Festival visit: Jasmine Gwangju

Gwangju seems an event from the distant past, but in fact was only 31 years ago. This year, the archives which document the history of that brief uprising were listed by UNESCO in their Memory of the World register.

Photographs of some of those who died in the Gwangju struggle

With perfect timing, bearing in mind the democratic uprisings in the Arab world this year, the City of Gwangju has put together a serious-minded musical paying tribute to the spirit of democratic resistance. The resulting production, Jasmine Gwangju, seeks to highlight the ongoing relevance of Gwangju’s painful experience to the democracy movements of today. In one section, an ever-marching procession of black and white funeral portraits of Koreans protestors killed in the Gwangju uprising also included colour photographs of protestors killed in the various uprisings in the Arab world this year.

The work describes itself as a requiem for the souls of those who died during the 18 May uprising in Gwangju. It is based around the Ssik-gim gut (씻김굿), a traditional shamanistic cleansing ritual for the dead originating from Jindo, an island off the southwest coast of Jeollanam-do. The central character is the ghost of one of the Gwangju victims, roaming the earth and unable to find peace, carrying a suitcase full of his memories. He is attracted to the ceremony by the smell of incense and communes with other ghosts who are gathering there. One of them opens his suitcase which cues a montage of the violence and suffering experienced in the Gwangju uprising. The shamans perform the ritual which eases his suffering, enabling him to go to the beyond. The performance ends with celebratory dancing including a ganggangsullae.

Drumming with fire

In one of the more spectacular moments some drummers, dressed as demons, set fire to their sticks and for a while the drums themselves were covered in flame. The music was played on traditional instruments, with eight musicians and five singers seated at the back of the stage in addition to the cast, who included dancers, drummers (including the familiar pungmul ribbon dancers) and singers.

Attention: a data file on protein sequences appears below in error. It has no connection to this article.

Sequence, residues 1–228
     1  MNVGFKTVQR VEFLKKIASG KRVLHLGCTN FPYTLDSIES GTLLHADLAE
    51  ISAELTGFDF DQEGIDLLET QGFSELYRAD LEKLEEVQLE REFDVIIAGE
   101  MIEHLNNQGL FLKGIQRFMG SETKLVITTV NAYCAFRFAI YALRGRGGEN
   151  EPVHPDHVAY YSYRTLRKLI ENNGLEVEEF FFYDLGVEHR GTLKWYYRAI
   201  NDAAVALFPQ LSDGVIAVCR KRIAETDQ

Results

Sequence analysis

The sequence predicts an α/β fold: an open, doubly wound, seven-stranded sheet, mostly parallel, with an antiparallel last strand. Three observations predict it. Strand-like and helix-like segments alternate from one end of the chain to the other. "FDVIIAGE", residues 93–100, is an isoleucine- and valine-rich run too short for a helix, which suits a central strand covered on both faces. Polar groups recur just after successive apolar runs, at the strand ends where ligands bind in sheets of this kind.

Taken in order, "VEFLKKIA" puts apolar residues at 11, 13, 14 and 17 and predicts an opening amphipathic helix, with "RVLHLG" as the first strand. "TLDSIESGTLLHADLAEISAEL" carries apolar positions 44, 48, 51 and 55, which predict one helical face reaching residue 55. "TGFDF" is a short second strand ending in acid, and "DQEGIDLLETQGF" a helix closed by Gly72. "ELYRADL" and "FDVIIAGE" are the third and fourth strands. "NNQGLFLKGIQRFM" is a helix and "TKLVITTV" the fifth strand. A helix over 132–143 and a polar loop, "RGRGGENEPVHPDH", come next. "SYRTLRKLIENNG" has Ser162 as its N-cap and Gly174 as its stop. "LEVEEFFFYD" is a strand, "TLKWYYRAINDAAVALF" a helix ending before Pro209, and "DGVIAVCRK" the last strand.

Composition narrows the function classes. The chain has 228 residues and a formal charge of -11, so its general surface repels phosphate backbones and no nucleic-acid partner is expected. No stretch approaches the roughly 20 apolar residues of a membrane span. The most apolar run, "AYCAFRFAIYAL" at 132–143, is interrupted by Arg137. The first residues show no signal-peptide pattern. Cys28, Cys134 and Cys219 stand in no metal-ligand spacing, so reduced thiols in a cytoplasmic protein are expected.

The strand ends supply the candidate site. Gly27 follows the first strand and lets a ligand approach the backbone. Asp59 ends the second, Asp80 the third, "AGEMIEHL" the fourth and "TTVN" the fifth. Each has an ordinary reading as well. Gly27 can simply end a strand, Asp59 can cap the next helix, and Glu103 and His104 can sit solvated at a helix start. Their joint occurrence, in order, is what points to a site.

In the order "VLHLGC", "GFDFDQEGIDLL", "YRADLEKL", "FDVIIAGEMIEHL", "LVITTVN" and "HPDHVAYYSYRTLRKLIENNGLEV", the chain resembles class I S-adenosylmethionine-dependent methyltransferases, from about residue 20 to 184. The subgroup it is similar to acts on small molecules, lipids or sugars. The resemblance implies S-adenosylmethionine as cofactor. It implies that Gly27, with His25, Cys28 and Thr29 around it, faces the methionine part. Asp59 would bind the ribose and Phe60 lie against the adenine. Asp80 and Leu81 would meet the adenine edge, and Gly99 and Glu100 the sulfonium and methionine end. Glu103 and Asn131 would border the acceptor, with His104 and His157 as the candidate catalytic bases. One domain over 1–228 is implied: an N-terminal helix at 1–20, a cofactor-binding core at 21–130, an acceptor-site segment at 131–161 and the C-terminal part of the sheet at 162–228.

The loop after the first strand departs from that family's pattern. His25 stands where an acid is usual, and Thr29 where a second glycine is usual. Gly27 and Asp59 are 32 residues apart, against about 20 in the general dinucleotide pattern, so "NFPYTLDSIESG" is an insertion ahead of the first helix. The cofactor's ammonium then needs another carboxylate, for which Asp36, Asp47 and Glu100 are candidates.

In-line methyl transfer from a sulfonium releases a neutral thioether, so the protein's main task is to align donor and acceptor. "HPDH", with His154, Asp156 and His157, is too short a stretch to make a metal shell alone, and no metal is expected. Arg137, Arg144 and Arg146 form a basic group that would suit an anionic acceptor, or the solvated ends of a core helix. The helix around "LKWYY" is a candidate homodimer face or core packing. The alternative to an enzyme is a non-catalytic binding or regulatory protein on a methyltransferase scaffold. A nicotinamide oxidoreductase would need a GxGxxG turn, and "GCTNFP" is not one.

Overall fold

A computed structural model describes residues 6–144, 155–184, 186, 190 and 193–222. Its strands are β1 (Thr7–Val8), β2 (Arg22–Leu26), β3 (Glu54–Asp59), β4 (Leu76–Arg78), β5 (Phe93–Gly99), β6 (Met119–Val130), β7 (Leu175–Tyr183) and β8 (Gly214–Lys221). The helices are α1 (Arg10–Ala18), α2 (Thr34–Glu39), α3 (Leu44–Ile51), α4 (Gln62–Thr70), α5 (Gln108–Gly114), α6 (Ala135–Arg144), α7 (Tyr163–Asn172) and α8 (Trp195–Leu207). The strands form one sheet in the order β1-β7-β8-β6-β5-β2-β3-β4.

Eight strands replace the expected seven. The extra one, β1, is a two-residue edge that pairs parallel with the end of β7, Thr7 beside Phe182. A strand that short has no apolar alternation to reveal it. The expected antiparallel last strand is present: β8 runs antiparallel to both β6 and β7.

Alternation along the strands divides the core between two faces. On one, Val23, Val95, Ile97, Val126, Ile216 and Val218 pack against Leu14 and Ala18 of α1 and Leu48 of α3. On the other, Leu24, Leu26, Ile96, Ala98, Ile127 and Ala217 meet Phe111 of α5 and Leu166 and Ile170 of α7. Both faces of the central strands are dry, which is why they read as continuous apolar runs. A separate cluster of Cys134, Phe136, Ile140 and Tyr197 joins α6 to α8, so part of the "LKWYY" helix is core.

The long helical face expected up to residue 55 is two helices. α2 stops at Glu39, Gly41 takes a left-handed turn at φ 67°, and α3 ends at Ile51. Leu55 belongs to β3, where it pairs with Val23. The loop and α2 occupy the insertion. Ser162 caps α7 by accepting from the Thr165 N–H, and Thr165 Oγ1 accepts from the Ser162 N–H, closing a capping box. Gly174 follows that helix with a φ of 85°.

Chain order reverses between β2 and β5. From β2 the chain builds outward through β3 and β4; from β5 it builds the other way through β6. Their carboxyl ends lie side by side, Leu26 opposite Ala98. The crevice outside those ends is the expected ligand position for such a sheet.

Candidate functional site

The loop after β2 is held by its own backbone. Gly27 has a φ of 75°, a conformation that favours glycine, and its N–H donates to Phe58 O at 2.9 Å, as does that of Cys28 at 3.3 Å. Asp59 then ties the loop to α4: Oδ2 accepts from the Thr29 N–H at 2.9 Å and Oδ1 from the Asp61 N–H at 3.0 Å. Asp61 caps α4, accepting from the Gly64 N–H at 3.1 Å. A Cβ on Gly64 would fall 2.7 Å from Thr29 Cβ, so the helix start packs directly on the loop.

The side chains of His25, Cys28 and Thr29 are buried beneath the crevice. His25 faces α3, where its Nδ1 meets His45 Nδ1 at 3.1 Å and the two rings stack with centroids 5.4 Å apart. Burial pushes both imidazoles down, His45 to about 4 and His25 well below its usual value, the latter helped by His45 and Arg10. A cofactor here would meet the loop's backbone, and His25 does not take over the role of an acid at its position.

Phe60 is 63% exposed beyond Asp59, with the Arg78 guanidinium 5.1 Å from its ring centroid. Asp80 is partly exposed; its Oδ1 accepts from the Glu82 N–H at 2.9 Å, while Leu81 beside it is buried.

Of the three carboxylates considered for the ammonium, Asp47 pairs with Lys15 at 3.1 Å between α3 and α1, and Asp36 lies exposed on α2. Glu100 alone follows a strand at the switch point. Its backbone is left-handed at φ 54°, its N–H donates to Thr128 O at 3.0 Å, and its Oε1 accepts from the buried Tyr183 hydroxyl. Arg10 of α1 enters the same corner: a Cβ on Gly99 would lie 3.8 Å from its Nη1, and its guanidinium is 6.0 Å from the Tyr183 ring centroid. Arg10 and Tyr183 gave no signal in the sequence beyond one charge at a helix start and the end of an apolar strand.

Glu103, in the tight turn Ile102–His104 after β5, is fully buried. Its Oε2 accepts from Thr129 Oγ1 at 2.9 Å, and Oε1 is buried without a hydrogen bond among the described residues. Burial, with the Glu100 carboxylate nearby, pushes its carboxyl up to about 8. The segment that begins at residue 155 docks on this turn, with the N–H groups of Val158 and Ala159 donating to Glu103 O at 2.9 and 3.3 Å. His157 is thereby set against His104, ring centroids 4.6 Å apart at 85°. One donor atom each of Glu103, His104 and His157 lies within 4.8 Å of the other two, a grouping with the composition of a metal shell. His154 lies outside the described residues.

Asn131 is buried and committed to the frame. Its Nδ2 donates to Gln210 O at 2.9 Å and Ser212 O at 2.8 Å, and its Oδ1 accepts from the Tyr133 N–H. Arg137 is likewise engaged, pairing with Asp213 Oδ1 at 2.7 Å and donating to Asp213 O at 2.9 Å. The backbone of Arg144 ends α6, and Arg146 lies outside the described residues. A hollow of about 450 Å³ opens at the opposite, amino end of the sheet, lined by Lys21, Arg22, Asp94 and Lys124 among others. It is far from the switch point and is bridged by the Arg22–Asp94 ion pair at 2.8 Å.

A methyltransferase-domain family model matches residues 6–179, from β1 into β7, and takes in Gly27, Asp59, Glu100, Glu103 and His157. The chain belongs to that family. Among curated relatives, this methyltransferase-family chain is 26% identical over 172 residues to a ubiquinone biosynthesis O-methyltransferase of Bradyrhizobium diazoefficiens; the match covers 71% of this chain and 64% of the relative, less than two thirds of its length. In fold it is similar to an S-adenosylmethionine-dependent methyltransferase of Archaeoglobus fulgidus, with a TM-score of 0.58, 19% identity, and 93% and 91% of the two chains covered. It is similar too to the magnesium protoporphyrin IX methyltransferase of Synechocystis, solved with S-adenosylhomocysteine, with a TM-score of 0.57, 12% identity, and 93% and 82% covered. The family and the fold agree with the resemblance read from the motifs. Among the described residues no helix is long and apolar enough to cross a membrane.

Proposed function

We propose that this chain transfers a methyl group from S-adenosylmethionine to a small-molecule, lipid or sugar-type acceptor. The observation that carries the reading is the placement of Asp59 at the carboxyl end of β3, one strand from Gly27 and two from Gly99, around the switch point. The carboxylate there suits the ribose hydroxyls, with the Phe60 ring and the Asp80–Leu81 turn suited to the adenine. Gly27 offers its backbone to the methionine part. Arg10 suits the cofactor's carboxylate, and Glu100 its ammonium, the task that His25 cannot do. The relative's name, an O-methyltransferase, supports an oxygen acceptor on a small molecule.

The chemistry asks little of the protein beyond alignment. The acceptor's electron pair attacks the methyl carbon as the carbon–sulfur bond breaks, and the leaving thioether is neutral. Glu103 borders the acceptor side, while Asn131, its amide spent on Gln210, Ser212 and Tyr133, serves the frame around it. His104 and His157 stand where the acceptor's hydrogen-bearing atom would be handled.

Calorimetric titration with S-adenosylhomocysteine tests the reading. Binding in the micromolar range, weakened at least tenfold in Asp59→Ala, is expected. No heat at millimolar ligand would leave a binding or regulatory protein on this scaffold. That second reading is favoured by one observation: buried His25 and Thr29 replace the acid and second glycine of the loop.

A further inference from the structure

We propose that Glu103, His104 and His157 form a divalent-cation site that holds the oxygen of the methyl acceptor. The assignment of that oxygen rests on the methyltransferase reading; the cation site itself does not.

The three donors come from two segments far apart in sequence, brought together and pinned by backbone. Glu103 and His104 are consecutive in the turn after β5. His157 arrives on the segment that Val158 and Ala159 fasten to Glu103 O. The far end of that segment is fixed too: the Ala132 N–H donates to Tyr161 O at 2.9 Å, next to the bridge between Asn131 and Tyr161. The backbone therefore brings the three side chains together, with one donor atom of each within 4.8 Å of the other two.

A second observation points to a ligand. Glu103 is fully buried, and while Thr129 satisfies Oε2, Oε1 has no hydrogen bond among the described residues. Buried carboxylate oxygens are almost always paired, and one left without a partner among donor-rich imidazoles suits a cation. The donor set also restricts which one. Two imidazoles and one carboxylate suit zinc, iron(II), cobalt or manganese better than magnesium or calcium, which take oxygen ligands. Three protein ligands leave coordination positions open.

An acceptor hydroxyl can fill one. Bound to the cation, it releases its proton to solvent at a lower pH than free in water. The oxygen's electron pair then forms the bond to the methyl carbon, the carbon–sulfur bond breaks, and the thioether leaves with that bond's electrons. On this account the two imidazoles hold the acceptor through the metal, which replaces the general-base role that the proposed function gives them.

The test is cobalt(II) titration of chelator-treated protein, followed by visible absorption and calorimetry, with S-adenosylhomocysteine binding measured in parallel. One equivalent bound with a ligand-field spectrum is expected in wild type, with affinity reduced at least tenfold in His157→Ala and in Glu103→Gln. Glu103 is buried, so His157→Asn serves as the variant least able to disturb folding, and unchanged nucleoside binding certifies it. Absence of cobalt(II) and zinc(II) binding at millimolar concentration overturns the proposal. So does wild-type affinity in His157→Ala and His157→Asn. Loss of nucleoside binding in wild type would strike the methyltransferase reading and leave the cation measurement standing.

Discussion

Shamans pass through the audience

Towards the end, as part of the rituals, the shamans left the stage and walked up the aisles stretching a long white cloth behind them: Koreans in the audience knew what to do next – cash offerings were put in the cloth to pay the shamans for their pains1.

The maypole

The music, traditional in style, was composed by Han Seung-seok and directed by Won Il, who has delighted audiences in London with his chamber group Baramgot. With Won in charge, a high quality musical experience was guaranteed. Overall though, the production would have been more moving if it had tried less hard to make Gwangju relevant today’s uprisings. Surtitles on the screen at the back of the stage kept reminding us of the modern connections and of human suffering, rather labouring the point. The music, singing and dance was eloquent enough.

Jasmine Gwangju continues at Venue 150 at the Edinburgh International Conference Centre until 19 August 2011. Event details on the Fringe website. All photos above are courtesy of the Jasmine Gwangju Facebook page.

Links:

  1. You can find a YouTube video of a Jin-do ssitgim gut (with the cloth being filled with banknotes) on this YouTube video []

4 thoughts on “Festival visit: Jasmine Gwangju

  1. I find it interesting that this event remains part of South Korea’s modern historical memory. I remember the democratic uprising in South Korea, reported on TV news in England during the run-up to the Seoul Olympics (1988). Kwangju formed part of the backdrop to the 1987-8 unrest. The task of of full democratization of course remains unfinished, with respect to North Korea.

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